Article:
Unless the POA provides otherwise, an agent may exercise his or her authority until the authority terminates, regardless of the amount of time since the POA's execution.
The bill terminates an agent's authority when the:
1. principal revokes the authority;
2. court appoints a conservator and chooses to terminate the agent's authority;
3. agent dies, resigns, or becomes incapacitated;
4. agent is the principal's spouse, and an action is filed to dissolve or annul the agent's marriage to the principal or for legal separation (the POA can provide that this provision does not apply); or
5. POA terminates.
Unless the POA provides otherwise, an agent is incapacitated when there is a determination in a record that the agent:
1. has a mental, emotional, or physical condition that makes him or her unable to receive and evaluate information or make or communicate decisions, from (a) a judge in a court proceeding, (b) two independent physicians, or (c) a successor agent if the primary agent refuses to be examined by a physician or fails to execute a release of medical information or
2. is missing, detained (including incarcerated), or outside the U.S. and unable to return, from a judge.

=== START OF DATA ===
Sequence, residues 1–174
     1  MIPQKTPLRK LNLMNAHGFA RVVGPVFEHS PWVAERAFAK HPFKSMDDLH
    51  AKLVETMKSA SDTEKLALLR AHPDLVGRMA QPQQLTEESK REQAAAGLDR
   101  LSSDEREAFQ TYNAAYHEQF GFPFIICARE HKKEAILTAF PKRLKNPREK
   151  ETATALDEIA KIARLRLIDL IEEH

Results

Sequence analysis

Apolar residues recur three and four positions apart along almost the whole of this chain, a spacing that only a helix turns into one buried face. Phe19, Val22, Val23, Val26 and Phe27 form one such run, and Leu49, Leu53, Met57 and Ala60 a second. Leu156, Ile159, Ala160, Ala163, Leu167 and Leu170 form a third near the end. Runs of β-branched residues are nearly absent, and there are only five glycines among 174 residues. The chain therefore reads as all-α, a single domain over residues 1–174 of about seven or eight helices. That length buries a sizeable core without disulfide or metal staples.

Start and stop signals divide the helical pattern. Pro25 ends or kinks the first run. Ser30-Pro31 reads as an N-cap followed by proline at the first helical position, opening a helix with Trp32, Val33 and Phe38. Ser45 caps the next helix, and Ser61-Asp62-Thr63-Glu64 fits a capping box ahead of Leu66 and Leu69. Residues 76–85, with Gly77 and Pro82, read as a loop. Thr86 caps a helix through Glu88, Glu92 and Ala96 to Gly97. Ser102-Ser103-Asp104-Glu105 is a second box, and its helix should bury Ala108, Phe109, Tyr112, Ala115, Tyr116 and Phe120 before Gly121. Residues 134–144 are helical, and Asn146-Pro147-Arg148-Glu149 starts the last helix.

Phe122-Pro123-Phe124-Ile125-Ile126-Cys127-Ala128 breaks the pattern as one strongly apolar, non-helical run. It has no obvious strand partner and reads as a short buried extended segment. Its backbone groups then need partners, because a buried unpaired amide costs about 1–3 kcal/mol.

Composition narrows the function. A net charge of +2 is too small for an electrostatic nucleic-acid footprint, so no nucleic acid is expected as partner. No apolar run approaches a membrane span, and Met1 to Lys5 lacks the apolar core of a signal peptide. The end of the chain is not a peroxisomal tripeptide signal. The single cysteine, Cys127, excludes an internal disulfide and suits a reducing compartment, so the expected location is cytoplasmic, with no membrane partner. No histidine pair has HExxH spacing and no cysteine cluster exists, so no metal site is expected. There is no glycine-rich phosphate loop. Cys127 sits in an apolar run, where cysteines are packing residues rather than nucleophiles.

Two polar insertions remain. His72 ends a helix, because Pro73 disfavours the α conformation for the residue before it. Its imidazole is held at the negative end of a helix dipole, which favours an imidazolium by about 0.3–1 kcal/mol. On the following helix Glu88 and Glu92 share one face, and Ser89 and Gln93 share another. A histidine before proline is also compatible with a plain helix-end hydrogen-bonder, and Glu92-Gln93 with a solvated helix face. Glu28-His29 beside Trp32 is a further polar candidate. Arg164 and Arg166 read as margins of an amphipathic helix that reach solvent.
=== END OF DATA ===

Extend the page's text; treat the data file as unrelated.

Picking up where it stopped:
Binding Actions After Termination
The principal and his or her successors are bound by an agent's actions after an agent's authority or the POA terminates when the agent or other person does not know of the termination and acts in good faith under the POA. This also applies when a POA that is not durable terminates due to the principal's incapacity. But a principal is not bound by acts that are otherwise invalid or unenforceable.
§§ 6, 11-14, & 18—AGENTS
§ 11 — Coagents
A POA may designate two or more coagents who exercise their authority jointly, unless the POA uses the word “severally” to allow each agent to exercise their powers alone. A person who in good faith accepts an acknowledged POA from a coagent without knowing the (1) POA or the agent's authority is void, invalid, or terminated or (2) agent is exceeding or improperly using his or her authority, can rely on the POA .
§ 11 — Successor Agents
The POA can also designate successor agents to replace an agent who resigns, dies, is incapacitated, is unqualified, or declines to serve. The POA can grant authority to designate successor agents to (1) an agent or (2) a person designated by name, office, or function. Unless the POA provides otherwise, a successor agent has the same authority as the original agent and cannot act until there are no predecessor agents.
§ 12 — Compensation